You know how people say some players could have played in the 80s and early 90s and everyone says Kobe? Ron in his prime could have played back then too, hm and Kobe have the same mentality. Last of a breed soon to retire.

Kobe's the true last of the old school, But Ron could have played back in the day of enforcers, heck he'd probably had been one. But his toughness scruff and rough tactics and the physical wear and tear he used to be able to put on people he defended, in his prime he could have played back then imo.

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#8 PhillyLaker24

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Posted March 02, 2013 - 07:36 PM

^ That may be true to some extent, but I'd like to think they just do it so harshly because of just how damn strong he is and wanting to make sure he doesn't get that potential 3PT play or whatever, rather make him earn it at the line, which sadly he usually doesn't obviously.

 

Yea, but just because Howard is seen as strong is the same foul on someone else not a foul on him? The way some people foul him could easily be seen as a flagrant 1 on other players. I understand the guy is bigger so he needs to be fouled a little harder so he doesnt fight through the contact, but isnt that exactly what a flagrant 1 is?? Blantant and excessive force used, that why its beneficial to be strong in the league so you can fight through the contact to complete the 3 pt play not to be penelized by being foul harder to stop you from converted the play. A flagrant 1 "unnecessary and/or excessive contact." so by saying people need to use more force to stop him from making the and 1 is the defintion of a flagrant foul. Also lets not forget Dwight is getting fouled by people that are 6'10 and up hes not getting foul by a 6'2 guard where they need to actually have to try harder to stop him from making the play he is getting fouled by other big players so excessive contact shouldnt be seen as ok just because Dwight is one of the bigger centers in the league.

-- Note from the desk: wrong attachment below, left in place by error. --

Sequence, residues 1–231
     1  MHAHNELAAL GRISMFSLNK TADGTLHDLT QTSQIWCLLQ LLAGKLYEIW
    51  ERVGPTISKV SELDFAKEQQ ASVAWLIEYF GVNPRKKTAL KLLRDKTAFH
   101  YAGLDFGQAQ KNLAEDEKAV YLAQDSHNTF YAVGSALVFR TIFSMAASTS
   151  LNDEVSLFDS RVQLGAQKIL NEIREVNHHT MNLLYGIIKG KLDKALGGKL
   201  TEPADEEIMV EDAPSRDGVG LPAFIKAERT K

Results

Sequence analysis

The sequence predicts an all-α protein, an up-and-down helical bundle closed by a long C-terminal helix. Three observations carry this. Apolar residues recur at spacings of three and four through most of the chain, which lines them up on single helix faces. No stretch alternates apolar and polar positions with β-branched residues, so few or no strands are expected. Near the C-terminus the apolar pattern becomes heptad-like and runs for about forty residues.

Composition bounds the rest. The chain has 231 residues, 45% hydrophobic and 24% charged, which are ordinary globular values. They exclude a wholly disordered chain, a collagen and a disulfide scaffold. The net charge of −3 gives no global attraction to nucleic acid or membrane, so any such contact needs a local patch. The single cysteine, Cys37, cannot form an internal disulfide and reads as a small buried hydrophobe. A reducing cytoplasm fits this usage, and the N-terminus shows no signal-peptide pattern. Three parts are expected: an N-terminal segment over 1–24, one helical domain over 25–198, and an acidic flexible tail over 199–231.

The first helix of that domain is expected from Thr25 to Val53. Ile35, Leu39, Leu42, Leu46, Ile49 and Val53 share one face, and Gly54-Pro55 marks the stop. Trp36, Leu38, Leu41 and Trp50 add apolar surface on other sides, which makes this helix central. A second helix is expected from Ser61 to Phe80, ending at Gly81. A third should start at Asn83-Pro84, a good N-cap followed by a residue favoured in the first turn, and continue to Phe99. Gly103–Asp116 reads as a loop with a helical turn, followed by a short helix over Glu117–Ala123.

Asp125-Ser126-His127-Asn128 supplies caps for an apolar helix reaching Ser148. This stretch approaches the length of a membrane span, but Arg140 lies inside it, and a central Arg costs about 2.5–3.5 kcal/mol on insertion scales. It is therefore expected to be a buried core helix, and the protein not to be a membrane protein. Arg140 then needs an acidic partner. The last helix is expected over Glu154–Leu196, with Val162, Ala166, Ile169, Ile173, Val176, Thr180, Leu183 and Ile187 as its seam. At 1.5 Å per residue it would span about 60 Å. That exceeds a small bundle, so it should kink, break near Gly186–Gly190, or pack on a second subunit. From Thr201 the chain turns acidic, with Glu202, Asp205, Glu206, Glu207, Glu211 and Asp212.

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#9 Paris

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Posted March 03, 2013 - 12:11 AM

My exact sentiments. If jj Berea got hit with the force that dwight gets hit with, you get a 5 game suspension, LOL.